People like to quote the Bible. More accurately, they quote the bits and
pieces that appeal to them, or that suit the moment or, unfortunately,
their own purpose or agenda. Often, a phrase or passage is taken out of
the real context of its words or history. This can -- and often does --
change its meaning, sometimes radically.
Do you own a Bible? If you do, do you read it? Or do you take other
peoples’ word for what it says? Isn’t it time to read and study the
Holy Bible yourself?
You’ll want to choose a Bible you feel good about. It should be a
version you can understand. You should be able to read the print easily.
It should also feel good to your hands, a book you like to carry, to read,
to keep next to your chair or bedside. You might even want more than one,
perhaps a study Bible, to help you understand the times and language in
which the Holy Bible was written; and a smaller Bible to carry with you,
to church, to work, when you travel.
Read the Preface in the front, or the Notes to the Reader. These will tell
you the background of the Bible version you hold in your hands. Look at
the list of abbreviations and measurements, the maps, the Table of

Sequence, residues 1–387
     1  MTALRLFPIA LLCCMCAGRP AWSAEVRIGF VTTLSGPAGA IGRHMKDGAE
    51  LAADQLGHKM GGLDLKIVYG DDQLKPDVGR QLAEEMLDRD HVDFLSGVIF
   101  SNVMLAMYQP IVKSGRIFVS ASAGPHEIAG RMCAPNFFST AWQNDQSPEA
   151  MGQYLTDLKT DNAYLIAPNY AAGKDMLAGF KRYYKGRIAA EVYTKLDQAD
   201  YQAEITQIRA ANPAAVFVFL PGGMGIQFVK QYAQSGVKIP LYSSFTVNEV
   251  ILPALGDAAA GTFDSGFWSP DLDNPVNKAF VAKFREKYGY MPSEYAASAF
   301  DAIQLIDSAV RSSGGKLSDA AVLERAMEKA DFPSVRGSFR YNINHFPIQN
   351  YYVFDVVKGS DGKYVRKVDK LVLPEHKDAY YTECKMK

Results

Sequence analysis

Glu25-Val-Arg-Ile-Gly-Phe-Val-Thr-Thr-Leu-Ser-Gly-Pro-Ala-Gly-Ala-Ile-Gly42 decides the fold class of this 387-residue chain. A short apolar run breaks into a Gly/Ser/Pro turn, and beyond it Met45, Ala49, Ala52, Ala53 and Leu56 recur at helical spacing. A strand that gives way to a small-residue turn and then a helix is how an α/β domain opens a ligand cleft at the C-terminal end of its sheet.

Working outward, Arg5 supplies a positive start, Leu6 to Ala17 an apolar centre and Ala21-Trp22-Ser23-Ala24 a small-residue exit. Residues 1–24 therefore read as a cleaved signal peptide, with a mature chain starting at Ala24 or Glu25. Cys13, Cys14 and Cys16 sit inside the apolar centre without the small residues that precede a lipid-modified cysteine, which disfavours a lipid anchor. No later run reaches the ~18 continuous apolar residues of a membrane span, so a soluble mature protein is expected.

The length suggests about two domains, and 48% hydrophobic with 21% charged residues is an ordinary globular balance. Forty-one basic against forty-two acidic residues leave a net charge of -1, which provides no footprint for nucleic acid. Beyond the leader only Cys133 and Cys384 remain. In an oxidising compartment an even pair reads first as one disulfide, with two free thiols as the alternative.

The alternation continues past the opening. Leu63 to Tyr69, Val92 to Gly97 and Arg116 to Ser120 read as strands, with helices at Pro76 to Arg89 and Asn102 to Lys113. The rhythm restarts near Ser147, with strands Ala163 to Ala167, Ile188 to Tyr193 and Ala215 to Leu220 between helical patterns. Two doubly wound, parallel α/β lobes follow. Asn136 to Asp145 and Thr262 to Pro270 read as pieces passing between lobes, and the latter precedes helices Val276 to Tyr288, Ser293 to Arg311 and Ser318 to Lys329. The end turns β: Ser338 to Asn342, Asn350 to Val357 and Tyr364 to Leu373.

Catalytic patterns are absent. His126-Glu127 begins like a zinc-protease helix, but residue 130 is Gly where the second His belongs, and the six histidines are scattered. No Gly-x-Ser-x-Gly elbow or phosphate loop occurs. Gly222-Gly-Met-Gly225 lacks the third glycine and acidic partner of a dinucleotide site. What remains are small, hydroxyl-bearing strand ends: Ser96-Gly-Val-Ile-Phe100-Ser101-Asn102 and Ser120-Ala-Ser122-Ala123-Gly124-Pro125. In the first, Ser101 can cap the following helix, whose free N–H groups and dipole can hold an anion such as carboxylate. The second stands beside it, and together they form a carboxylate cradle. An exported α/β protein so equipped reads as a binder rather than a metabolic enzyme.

Now, dive in! There is no right or wrong way to read the Holy Bible. You
might want to start at the beginning and read to the end. You might want
to start with the Books that are easier to read and to understand. You
might even be drawn to the Book or verses God wants you to read right
now—don’t worry, you’ll know when it happens, you won’t be able to get
the idea out of your mind!
Of course, you’ll want to re-visit familiar passages, the old favorites –
you might even be surprised by the actually words -- but don’t stop
there. There are wonderful nuggets of wisdom, and humor and beauty
between the covers of your Bible. Explore its pages. Read the passages
more than once. Often, a passage becomes more and more clear as you
study and meditate on it.
Read the fine print of the explanations, usually found at the bottom of
each page. Bookmark the pages that have a special meaning for you.
Underline the passages that strike your heart of hearts. Use a
highlighter. There’s nothing sadder than a book that looks new,
as if no one reads it, consults it or loves its words and the messages
they bring. God doesn’t mind if you mark your Bible, if it means you
truly want to understand the Word.
Finally, it really doesn’t matter what the so-called “experts” say. After
all, they’re human, too, and prone to errors and bias. What’s really
important is discovering what the Holy Bible says to you. Open your
heart and soul and mind and spirit to the Word of God. You will be
rewarded beyond imagining!
To get you started:
The Guide to Bible Versions